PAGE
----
- Say It Isn't So: Like the "Scream"-induced teen-horror revival of the late Nineties, it seems that the 'gross out' comedy movement instigated by "There's Something About Mary" has run its course, with each successive entry inching the genre ever closer to creative bankruptcy. "Say It Isn't So" is a case in point, a so-called comedy which succeeds in not soliciting a single chuckle throughout its entire 93-minute running time. Unfortunately, like "American Pie" and "Whipped", it's clearly evident that some filmmakers have yet to learn the distinction between 'gross' and 'funny'.
- Someone Like You: "Someone Like You" is the cinematic adaptation of Laura Zigman's best-selling novel "Animal Husbandry". Though I've never read the novel, I have a sneaking suspicion that, like the about-face with the film's title, in which the intriguing title of the book was jettisoned in favor of a blander and ostensibly 'more marketable' one, the film itself has been drained of all its verve and witty commentary to suit the trappings of your stereotypical romantic comedy. Not even the comely Ashley Judd can save this one.
- Get Over It: Though Kirsten Dunst proves that she is one of Hollywood's more talented actresses in the lead role, the juvenile humor and uninspired supporting cast derail this risk-taking teen comedy about a hopelessly clueless guy who conspires to win back his girlfriend by starring in a high school play (Shakespeare no less).
- The Brothers: Morris Chestnut, Shemar Moore, Bill Bellamy, and comedian D.L. Hughley star as four African-American yuppies who have the same type of cliché-ridden relationship problems that were better represented and explored in "The Best Man" or "The Wood".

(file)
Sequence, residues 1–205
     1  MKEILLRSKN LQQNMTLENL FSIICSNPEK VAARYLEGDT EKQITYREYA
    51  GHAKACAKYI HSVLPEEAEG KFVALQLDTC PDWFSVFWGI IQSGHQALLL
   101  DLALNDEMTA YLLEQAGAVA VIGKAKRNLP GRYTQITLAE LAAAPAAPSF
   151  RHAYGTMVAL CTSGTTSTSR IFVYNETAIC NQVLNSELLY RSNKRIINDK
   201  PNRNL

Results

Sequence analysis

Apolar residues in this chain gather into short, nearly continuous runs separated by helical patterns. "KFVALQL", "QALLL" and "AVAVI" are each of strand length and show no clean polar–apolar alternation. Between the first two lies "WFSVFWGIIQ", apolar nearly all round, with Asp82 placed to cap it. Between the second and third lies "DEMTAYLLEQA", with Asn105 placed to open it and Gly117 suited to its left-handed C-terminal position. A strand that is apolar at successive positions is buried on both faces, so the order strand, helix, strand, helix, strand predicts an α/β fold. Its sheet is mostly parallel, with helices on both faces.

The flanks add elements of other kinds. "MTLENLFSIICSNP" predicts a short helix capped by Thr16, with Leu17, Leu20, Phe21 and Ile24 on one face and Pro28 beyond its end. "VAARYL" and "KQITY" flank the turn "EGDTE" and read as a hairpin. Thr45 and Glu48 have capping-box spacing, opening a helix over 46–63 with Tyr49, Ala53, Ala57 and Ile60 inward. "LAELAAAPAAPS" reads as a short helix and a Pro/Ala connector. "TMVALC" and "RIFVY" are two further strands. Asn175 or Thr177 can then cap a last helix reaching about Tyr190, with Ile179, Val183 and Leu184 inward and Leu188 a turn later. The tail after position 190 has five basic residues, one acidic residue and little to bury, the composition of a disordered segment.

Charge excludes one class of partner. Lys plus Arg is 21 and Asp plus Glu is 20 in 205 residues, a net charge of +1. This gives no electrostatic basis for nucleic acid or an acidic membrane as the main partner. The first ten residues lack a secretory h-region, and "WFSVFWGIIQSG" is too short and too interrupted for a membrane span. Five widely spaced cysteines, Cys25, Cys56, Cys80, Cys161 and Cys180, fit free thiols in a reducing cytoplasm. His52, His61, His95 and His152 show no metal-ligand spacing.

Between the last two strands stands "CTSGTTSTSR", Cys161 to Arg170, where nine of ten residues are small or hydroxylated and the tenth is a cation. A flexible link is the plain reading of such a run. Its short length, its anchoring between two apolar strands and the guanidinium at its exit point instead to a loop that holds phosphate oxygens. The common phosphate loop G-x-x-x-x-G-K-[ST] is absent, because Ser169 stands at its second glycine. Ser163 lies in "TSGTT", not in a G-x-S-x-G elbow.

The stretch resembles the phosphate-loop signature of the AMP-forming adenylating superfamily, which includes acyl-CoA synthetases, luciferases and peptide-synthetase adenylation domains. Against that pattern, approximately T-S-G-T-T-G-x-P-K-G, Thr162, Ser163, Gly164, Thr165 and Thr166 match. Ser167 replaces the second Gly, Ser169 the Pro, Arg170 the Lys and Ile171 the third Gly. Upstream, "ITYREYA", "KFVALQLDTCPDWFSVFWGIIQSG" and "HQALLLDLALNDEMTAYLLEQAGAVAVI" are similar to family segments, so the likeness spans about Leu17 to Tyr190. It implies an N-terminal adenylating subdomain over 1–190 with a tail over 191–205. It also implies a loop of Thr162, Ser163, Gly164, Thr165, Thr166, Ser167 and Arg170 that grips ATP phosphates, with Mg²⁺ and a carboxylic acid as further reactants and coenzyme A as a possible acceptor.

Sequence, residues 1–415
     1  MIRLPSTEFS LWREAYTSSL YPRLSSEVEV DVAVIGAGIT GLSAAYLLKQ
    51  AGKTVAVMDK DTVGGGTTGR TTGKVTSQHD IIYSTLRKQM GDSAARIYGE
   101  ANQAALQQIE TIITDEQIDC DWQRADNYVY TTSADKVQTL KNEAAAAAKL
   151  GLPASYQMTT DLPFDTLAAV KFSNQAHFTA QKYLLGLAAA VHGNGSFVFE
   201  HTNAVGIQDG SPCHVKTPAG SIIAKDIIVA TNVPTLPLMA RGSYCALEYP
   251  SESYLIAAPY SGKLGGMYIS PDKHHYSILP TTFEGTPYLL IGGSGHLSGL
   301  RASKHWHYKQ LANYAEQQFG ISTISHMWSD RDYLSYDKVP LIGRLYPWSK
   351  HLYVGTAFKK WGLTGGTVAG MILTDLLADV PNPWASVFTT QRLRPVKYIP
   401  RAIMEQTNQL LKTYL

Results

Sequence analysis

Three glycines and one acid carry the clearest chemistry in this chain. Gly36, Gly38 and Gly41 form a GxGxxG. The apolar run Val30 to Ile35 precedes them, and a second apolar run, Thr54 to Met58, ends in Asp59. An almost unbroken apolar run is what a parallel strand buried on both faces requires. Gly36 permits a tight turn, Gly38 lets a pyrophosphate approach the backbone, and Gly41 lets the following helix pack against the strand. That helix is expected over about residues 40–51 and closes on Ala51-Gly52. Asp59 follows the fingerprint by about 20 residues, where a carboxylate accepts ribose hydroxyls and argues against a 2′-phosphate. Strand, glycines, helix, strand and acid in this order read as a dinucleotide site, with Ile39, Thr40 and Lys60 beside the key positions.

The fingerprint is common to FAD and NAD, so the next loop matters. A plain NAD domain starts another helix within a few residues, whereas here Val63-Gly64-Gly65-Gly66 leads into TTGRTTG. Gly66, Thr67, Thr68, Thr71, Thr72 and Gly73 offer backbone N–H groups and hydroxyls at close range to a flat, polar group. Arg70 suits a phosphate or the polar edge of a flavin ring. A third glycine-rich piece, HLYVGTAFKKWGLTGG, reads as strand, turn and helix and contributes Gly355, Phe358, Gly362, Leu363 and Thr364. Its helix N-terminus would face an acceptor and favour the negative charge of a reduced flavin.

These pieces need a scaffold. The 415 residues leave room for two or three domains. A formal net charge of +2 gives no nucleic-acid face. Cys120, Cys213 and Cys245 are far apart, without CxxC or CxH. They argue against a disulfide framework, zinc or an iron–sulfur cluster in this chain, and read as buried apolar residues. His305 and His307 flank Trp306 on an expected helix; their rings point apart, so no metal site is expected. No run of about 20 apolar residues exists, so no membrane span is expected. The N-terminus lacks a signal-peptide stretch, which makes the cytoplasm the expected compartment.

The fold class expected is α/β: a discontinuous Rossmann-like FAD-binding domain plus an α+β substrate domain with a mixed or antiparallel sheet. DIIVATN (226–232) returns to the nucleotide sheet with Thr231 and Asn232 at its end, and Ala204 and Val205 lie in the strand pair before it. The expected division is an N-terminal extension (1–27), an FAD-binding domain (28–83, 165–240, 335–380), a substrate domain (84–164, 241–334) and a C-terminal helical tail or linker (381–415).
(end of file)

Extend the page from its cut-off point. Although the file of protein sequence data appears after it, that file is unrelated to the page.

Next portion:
- See Spot Run: 'Smart dog + dumb human = stupid movie', or 'Who let this dog out? (Who? Who? Who? Who?)'... you pick.
- Tomcats: Just what the world needs... yet another tasteless sex comedy.
April certainly looks to be an exciting month of new releases, and perhaps in combination with the warmer weather, the box office will regain some of its lost virility. With some intriguing offerings such as the "Kiss the Girls" sequel "Along Came a Spider", "Blow", the filmed version of "Bridget Jones' Diary" starring Renée Zellweger (I'd like to see how she pulls that off!), the return of an 'Oz' Eighties icon in "Crocodile Dundee in L.A.", and "Pokemon 3" (maybe not), April should be a good dry-run for the official start of the summer movie-going season in May, which will kick off with the likes of "The Mummy Returns" and "Pearl Harbor". Stay tuned until next time...